As part of the removal of Plan B restrictions, the edict to “work from home if possible” was dropped last week – and not before time. “WFH” has entered the language as shorthand for a phenomenon deemed necessary at the height of the pre-vaccination pandemic, but which no longer has any public health justification.
For millions of people working in shops, driving vans, manning factories or running businesses where a physical presence is essential, WFH has never been an option. Others mainly in sectors such as law and banking were able to stay away from the office, meeting remotely when necessary. New technology has facilitated WFH in a way that would not have been possible only 10 years ago.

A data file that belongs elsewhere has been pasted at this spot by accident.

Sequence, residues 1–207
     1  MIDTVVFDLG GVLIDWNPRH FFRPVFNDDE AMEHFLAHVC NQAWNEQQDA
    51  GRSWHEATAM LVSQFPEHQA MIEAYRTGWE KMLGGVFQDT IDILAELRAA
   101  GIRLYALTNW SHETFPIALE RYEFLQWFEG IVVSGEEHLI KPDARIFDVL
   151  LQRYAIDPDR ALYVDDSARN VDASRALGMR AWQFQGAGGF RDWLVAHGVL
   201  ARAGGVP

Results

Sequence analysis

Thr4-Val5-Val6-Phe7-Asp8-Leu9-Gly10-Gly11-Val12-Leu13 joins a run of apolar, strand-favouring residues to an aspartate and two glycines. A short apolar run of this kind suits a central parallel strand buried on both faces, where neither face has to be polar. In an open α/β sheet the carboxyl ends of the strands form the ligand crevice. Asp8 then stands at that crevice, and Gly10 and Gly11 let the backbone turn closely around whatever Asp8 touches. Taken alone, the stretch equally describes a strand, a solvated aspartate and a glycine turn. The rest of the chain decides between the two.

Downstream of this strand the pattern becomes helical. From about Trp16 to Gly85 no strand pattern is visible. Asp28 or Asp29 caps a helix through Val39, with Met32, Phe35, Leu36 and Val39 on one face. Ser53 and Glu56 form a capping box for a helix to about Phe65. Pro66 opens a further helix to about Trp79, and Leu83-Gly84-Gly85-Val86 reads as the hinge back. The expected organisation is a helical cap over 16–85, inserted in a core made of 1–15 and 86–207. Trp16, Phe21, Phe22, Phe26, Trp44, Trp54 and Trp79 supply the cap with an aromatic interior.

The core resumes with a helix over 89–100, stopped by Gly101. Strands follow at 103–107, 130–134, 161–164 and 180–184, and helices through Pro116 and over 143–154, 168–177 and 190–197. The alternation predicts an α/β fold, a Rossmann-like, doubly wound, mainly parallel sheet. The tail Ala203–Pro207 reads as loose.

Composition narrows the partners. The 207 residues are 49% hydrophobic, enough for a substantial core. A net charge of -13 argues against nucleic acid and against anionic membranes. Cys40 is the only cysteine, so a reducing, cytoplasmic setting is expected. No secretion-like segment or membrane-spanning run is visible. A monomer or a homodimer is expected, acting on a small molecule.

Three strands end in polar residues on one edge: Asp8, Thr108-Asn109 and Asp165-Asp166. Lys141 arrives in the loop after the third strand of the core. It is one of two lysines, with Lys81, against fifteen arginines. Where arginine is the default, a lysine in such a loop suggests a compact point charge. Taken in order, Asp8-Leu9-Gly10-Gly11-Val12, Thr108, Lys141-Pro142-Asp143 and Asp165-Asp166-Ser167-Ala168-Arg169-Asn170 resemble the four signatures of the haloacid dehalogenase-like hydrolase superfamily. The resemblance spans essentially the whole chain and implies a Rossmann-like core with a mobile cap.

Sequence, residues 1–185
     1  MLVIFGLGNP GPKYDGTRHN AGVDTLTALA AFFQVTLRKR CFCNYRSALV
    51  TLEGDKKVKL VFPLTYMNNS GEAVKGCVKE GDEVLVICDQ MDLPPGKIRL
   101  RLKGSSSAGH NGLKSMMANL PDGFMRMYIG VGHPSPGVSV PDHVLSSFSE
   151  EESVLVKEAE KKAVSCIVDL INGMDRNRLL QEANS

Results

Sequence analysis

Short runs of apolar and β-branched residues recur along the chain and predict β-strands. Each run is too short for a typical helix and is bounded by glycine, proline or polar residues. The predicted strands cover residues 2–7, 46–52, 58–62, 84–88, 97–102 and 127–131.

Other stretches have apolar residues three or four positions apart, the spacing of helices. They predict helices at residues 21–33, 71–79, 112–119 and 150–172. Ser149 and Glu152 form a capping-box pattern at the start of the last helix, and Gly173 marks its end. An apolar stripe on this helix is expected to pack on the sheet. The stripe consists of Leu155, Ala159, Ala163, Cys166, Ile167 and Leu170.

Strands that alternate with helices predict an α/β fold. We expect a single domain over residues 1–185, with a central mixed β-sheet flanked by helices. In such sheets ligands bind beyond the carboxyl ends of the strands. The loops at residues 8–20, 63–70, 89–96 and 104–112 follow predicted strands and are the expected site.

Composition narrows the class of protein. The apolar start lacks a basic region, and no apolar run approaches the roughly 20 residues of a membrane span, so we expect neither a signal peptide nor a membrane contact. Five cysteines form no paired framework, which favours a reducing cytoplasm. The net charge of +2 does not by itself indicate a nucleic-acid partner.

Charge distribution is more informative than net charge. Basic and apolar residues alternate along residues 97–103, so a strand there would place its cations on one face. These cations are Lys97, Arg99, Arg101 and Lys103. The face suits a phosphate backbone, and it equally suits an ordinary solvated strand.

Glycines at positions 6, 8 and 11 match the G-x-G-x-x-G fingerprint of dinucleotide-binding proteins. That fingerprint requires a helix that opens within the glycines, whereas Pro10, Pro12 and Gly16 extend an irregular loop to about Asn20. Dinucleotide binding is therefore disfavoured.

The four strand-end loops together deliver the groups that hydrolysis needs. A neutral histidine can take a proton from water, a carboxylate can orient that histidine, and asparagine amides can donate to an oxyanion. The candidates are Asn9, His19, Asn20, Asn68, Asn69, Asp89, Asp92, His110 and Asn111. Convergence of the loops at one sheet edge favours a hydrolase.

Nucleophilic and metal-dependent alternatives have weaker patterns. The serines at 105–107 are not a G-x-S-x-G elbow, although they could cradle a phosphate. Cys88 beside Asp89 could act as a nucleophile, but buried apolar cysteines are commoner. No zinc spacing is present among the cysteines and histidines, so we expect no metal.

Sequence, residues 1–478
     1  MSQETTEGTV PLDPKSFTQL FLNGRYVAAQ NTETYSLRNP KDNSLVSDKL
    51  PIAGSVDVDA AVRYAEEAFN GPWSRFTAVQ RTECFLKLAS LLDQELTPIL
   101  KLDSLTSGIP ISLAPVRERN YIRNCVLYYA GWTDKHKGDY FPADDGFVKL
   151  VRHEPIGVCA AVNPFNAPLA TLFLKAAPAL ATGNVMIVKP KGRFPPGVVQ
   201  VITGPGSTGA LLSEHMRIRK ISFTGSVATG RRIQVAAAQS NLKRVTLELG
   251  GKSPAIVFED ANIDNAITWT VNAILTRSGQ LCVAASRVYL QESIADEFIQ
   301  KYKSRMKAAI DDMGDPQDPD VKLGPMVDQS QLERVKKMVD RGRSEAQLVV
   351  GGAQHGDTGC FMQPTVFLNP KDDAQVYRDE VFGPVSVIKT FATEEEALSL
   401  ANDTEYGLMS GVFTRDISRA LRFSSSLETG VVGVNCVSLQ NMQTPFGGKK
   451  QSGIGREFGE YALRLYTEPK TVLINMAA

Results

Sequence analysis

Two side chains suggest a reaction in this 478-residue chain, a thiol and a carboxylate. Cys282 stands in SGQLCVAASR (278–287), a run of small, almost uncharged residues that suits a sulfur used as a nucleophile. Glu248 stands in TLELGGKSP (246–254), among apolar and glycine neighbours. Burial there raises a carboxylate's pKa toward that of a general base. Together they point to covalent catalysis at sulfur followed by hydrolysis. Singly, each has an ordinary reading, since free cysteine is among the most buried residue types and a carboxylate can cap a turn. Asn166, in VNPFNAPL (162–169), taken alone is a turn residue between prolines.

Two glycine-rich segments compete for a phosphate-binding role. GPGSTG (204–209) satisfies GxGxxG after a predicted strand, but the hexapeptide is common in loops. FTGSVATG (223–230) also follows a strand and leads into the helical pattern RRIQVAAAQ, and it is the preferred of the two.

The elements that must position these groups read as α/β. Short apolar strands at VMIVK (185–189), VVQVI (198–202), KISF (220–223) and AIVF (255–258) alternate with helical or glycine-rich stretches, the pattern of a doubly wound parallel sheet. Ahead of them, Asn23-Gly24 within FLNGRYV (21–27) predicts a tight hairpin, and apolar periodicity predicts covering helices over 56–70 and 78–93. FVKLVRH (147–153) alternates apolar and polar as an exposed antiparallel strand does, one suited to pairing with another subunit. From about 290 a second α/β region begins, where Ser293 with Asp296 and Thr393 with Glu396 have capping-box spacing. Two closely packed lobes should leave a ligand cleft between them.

Many of these employees are expected to start returning in numbers this week to the relief of city centre restaurants, cafés and bars that rely on their trade, though the pandemic looks likely to have killed off the old five-day week.
But one group remains stubbornly resistant to a return to the office: civil servants. Steve Barclay, Minister for the Cabinet Office, has written to every Whitehall permanent secretary informing them that now the WFH requirement has been lifted “every desk should be filled”.
Yet it is apparent that some departments will only expect staff to come in for three days a week at most. Many are being allowed to WFH permanently. There are anecdotal reports that officials have moved so far from London during the pandemic they can no longer commute every day.
Managers say WFH does not affect the productivity or effectiveness of public sector employees. But the rest of us who are their customers and pay their salaries beg to disagree.